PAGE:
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On October 10, 2022, the European Commission (the “Commission”) published its long awaited report on the functioning of Regulation (EU) 2017/2402 (the “EU Securitisation Regulation”). The report reflects the Commission’s assessment of various matters relating to the EU Securitisation Regulation, including, most notably, its interpretation of the jurisdictional scope of the Article 7 transparency requirements and the status of third country Alternative Investment Fund Managers (AIFMs) managing or marketing alternative investment funds (AIFs) in the EU. The report is not binding on national competent authorities, who have primary responsibility for regulating EU institutional investors, but we would expect regulators to follow the Commission's interpretation.
As further described below, the position adopted by the Commission would effectively preclude EU institutional investors from investing in “third country” securitisations (securitisations where the originator, sponsor and securitisation special purpose entity (SSPE) are all non-EU entities, including US securitisations) unless they receive the disclosures required under Article 7 of the EU Securitisation Regulation (the "Transparency Requirements"), which includes investor reports and asset level information provided using the EU disclosure templates.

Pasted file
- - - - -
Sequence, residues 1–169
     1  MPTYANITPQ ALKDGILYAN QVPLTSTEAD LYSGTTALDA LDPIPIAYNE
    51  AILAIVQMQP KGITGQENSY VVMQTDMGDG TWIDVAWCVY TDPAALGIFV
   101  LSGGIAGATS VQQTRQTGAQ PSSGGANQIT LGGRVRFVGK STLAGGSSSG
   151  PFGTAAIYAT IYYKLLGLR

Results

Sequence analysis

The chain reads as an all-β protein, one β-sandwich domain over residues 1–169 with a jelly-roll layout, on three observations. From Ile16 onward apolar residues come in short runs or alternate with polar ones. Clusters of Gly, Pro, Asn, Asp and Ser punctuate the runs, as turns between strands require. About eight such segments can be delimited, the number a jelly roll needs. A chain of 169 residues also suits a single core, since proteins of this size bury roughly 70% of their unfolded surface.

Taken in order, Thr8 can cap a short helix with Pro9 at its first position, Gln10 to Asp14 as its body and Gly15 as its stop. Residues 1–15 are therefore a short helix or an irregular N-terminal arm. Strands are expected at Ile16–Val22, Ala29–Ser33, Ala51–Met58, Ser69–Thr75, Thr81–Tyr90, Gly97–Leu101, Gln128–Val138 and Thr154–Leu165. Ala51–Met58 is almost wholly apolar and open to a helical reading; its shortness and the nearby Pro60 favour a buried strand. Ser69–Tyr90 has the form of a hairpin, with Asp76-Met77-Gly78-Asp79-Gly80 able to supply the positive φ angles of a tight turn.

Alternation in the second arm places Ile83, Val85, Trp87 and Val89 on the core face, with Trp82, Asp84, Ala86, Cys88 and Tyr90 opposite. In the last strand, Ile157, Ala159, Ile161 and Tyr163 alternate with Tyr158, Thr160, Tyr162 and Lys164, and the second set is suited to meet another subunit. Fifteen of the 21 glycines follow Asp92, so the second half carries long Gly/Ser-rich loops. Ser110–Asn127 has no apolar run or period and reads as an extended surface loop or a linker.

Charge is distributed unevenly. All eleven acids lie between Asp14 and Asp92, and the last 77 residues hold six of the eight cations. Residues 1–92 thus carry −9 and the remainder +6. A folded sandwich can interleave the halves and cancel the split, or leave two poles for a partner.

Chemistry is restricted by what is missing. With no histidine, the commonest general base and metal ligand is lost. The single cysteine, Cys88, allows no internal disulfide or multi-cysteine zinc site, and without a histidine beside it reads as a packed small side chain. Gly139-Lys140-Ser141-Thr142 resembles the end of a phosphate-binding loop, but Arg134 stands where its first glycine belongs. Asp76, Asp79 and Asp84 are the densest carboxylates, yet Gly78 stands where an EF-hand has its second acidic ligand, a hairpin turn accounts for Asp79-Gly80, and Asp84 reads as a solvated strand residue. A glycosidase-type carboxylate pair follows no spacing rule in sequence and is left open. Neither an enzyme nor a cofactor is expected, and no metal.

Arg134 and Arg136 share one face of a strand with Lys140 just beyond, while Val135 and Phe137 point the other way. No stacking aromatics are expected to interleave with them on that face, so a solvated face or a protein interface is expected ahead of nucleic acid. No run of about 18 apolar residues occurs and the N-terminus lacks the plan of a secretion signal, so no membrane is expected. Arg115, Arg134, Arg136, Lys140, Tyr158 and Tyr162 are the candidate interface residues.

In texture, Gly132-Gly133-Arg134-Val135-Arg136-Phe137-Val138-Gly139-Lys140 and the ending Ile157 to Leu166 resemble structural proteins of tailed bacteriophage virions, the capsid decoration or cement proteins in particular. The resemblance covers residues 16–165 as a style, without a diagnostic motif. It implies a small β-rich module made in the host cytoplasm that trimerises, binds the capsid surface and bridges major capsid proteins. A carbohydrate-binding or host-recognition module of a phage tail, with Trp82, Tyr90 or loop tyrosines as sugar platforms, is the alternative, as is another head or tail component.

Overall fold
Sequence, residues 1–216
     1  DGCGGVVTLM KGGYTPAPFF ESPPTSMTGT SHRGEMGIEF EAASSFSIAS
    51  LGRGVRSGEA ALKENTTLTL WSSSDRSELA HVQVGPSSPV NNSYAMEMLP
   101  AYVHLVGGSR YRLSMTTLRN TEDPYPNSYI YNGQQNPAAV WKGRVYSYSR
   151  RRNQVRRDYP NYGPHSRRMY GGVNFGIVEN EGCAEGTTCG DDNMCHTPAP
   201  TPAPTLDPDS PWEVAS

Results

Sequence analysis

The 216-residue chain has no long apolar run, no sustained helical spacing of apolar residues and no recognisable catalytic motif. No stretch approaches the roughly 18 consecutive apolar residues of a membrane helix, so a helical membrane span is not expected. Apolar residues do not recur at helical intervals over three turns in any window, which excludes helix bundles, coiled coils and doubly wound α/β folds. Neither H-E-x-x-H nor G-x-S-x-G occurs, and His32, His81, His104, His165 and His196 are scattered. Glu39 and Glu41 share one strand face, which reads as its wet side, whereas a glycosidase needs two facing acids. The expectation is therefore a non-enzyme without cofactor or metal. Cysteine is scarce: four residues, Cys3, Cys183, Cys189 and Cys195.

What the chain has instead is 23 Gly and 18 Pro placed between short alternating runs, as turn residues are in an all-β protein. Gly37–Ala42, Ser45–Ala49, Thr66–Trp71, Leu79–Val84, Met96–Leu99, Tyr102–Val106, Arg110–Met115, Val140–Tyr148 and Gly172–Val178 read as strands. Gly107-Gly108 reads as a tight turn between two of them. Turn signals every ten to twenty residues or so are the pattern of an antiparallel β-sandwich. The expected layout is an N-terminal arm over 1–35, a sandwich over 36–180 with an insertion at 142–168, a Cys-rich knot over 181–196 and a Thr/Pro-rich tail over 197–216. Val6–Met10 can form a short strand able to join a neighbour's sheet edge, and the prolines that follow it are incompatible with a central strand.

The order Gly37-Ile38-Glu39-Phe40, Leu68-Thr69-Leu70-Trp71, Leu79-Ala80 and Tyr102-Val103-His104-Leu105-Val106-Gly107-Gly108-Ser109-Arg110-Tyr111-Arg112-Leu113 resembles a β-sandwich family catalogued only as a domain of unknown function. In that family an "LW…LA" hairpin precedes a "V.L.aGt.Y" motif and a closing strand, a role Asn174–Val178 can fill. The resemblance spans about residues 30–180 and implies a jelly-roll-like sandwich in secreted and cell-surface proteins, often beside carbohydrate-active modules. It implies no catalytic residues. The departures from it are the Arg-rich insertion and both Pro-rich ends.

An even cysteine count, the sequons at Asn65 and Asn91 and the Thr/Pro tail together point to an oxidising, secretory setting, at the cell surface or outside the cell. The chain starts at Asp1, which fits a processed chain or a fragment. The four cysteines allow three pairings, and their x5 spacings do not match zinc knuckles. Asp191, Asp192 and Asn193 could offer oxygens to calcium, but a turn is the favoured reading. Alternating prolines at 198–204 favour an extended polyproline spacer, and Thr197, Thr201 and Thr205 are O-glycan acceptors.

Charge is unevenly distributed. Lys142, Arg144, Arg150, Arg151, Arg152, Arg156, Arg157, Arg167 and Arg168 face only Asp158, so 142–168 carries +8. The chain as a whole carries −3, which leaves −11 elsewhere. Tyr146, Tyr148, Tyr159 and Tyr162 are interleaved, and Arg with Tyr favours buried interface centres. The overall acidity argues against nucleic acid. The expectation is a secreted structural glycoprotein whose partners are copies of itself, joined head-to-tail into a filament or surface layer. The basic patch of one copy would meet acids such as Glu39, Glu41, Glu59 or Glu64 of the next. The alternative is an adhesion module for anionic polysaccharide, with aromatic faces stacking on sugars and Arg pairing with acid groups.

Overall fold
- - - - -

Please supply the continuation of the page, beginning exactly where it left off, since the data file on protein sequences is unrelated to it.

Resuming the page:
The Commission’s report does not impact the UK Securitisation Regulation or its interpretation.
Application of Transparency Requirements to third country securitisations
By way of background, Article 5 of the EU Securitisation Regulation sets forth various due diligence obligations with which an EU institutional investor must comply prior to investing in a securitisation. These include verification that the credit granting, risk retention and transparency requirements under the EU Securitisation Regulation have been satisfied. Article 5 differentiates between EU-based and third country sponsors, originators and original lenders in relation to the credit granting and risk retention requirements, but the due diligence requirements with respect to transparency do not specify their geographical scope. US deals that are intended to be eligible for purchase by EU institutional investors typically provide for credit granting and risk retention in accordance with the EU Securitisation Regulation, but frequently take a different approach to the Transparency Requirements. Following publication of the report, this market practice is very likely to change.